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The Thing No One Tells You About Your First Child

Photograph by Twenty20

We’ve all been there: Out in public at a busy store, trying to tune out the curious looks from other shoppers as your kid is wailing their head off in the middle of the aisle, sprawled on the floor because you said it was time to go. You gather your stuff, quietly abandon your cart and pick up a shrieking octopus, trying to make your way out of the store with as much grace as possible.

Your tiny toddler, the one who just a few moments ago was hugging you sweetly, has now become a hot mess of snot and tears, and as you struggle to buckle them into your car seat, you think to yourself, “How can I possibly be failing more?”

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I was emailing back and forth with a mom of two about advice on handling tantrums and she shared something with me that struck a chord. “Honestly,” she wrote, “the first kid is kind of a learning curve.”

I’ve always heard that parenting gets easier in a sense with the more kids you have, because you’ve already been there. You’ve already experienced teething, tantrums, fevers and sleep regressions. You know a bit more of what to expect in normal child development.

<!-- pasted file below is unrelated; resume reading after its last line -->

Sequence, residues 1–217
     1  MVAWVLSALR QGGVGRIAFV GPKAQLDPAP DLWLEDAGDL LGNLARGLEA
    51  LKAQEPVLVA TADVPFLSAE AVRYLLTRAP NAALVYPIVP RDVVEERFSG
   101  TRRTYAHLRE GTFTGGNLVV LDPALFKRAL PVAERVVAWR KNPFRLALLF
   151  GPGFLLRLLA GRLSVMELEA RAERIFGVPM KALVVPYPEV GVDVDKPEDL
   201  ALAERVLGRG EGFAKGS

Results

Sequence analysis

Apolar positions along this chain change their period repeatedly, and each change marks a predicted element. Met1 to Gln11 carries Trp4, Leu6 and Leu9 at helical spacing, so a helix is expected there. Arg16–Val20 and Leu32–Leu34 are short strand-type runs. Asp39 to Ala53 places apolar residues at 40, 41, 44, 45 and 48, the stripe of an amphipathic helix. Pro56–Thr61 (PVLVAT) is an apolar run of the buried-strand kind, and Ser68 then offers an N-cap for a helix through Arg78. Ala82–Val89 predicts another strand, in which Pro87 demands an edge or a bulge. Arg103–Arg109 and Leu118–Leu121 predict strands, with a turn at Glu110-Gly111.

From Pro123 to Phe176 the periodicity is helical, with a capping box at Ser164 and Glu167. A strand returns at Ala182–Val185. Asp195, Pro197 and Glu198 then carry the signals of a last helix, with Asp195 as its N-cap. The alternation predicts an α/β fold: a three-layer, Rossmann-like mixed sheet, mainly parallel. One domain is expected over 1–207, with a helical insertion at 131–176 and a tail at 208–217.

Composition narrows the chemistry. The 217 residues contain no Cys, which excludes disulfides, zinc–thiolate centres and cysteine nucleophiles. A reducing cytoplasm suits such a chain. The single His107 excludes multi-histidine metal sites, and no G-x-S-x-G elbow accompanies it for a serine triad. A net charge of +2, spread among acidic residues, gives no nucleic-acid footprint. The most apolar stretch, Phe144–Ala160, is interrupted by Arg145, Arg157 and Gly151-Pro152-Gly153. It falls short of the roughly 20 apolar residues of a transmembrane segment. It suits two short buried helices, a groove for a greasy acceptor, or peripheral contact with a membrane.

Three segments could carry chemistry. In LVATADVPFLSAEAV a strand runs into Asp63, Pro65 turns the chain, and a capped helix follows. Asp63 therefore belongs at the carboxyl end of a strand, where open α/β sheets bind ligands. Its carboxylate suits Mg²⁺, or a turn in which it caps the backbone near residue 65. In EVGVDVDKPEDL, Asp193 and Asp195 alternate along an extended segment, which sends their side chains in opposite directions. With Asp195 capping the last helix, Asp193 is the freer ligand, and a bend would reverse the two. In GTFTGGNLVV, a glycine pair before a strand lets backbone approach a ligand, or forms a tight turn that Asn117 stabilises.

How much more could we enjoy life with our first baby if we simply thought of them as practice?

You remember what your mistakes were with the first and try to do better with the next. You know when to pick your battles and how that grocery store cart is really OK for them to suck on in the grand scheme of things.

With the firstborn, there's so much pressure to be that perfect parent. To worry about why they aren’t walking yet, or if they're saying the right amount of words. We carefully craft homemade baby food—organic, of course—and read up on the best ways to sleep train. I’m 100% guilty of it.

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I wonder though, if more parents went into raising their first child with the expectations of a learning curve, how much less stressed out would we be? How much more could we enjoy life with our first baby if we simply thought of them as practice? The very definition of practice is repeated performance for the purpose of acquiring skill.

The truth is, we don’t have to get it right all the time. In fact, thinking about my daughter as a learning curve may take the pressure off in those times I feel like I’m completely failing. Parenting knowledge is learned over time, regardless of what we think we know when our first baby arrives.

Maybe it’s time we listened.

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